Sycamore Land Trust Preserves, Part 1: Amy Weingartner Branigin Peninsula and Porter West

"You cannot begin to preserve any species of animal unless you preserve the habitat in which it dwells. Disturb or destroy that habitat, and you will exterminate the species as surely as if you had shot it. So conservation means that you have to preserve forest and grassland, river and lake, even the sea itself. This is not only vital for the preservation of animal life generally, but for the future existence of man himself — a point that seems to escape many people." Gerald Durrell, naturalist and author (7 Jan 1925-1995).

An organization which has taken Durrell’s point of view to heart is the Sycamore Land Trust, of which we are members. The primary goal of the Trust is to preserve and restore environmentally sensitive habitat here in southern Indiana and to do so Forever, as their motto states. To date, they protect 10,319 acres (41.75 km sq) with thirteen of their preserves being open for public use. Of course, preserving habitat cannot be achieved if people are not connected to nature, understand the importance of it, and are motivated to conserve it. Hence, another activity of theirs is providing extensive public education and engagement. A description of their current activities is contained in their newsletter, The Twig.

Although we have not been to all the Trust’s preserves, we have been to several and hope to eventually visit all of them. This first post contains photos from two preserves: Amy Weingartner Branigin Peninsula and Porter West. Subsequent posts will feature other preserves.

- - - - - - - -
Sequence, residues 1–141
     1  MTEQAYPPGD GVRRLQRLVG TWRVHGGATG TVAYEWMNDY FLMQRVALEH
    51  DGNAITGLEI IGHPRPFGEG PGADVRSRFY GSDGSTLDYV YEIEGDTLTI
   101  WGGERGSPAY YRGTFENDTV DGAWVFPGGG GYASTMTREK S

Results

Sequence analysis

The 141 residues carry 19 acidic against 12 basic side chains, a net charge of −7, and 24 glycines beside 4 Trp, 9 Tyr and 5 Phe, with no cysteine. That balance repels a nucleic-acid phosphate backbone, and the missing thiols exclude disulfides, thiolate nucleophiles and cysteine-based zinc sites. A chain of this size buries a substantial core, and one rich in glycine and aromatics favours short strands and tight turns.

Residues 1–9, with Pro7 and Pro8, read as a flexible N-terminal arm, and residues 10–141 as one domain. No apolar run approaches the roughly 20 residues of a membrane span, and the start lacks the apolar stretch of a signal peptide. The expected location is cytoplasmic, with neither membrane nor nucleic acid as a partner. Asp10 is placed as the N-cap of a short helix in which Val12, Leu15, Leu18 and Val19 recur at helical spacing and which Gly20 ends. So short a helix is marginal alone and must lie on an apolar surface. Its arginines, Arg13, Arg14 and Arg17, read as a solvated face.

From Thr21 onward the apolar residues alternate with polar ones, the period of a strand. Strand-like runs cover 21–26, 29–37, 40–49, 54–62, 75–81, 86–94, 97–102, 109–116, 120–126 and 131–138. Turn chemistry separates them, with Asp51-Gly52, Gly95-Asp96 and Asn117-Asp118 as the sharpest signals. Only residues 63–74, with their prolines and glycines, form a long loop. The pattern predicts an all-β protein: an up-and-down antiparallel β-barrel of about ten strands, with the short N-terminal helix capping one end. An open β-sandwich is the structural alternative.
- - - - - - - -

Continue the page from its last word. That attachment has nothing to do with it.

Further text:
Amy Weingartner Branigin Peninsula Preserve

This is a relatively small preserve (48 acres, .2 km sq) that consists of a peninsula jutting into Lake Monroe. It is a lovely preserve with wonderful water views and is an easy walk along what appears to be an old farm road. Lake Monroe is a man-made lake that was completed in 1965 (10,750 surface acres; 43.5 km sq).

The preserve is very close to Bloomington. Take SR 446 south from Bloomington, go past the Scenic View restaurant on the right, pass the 446 Marine and Lake Monroe Boat Storage on the left, and pass the caution sign for Salt Creek Drive. The next caution sign will be for a left turn to East Rush Ridge Road. After the turn, you will quickly come to an intersection with East Rush Ridge Fork, bear left to stay on the very twisty Rush Ridge Road. (Note the name change.) According to Google, the parking lot for the preserve is .8 miles from that intersection. Because of its popularity, go early. Parking outside the very small parking lot is not permitted. Further information about the preserve may be found here, on the Sycamore Land Trust's site.

You will have a very pleasant walk along the peninsula with views of the lake on either side. The trees appear to be mostly maples and oak.

Porter West Preserve

This 188 acre (.76 km sq) preserve was donated by David Porter, who once used it for his composting business. It contains some attractive ponds, a small pioneer cemetery, limestone sinkholes, mature trees, and beautiful spring flowers, especially, Dwarf Larkspur (Delphinium tricorne). The property is approximately square shaped with several trails through it, of which there are 2.6 miles in total. The steepest trail runs south to north and is largely forested. An east-west trail through the mid-section of the square will have many wildflowers in the spring. Power lines run from the southwest to northeast and create a surprisingly interesting opening. The trees are cleared underneath the power lines, allowing plants that prefer more light to thrive and contrast with the fairly dense forest on either side. Once again, parking is limited. More information may be found here on the Trust’s site.

  • A sinkhole

    There are several of these, some of which are deep. They are a product of water leeching away the limestone below ground.

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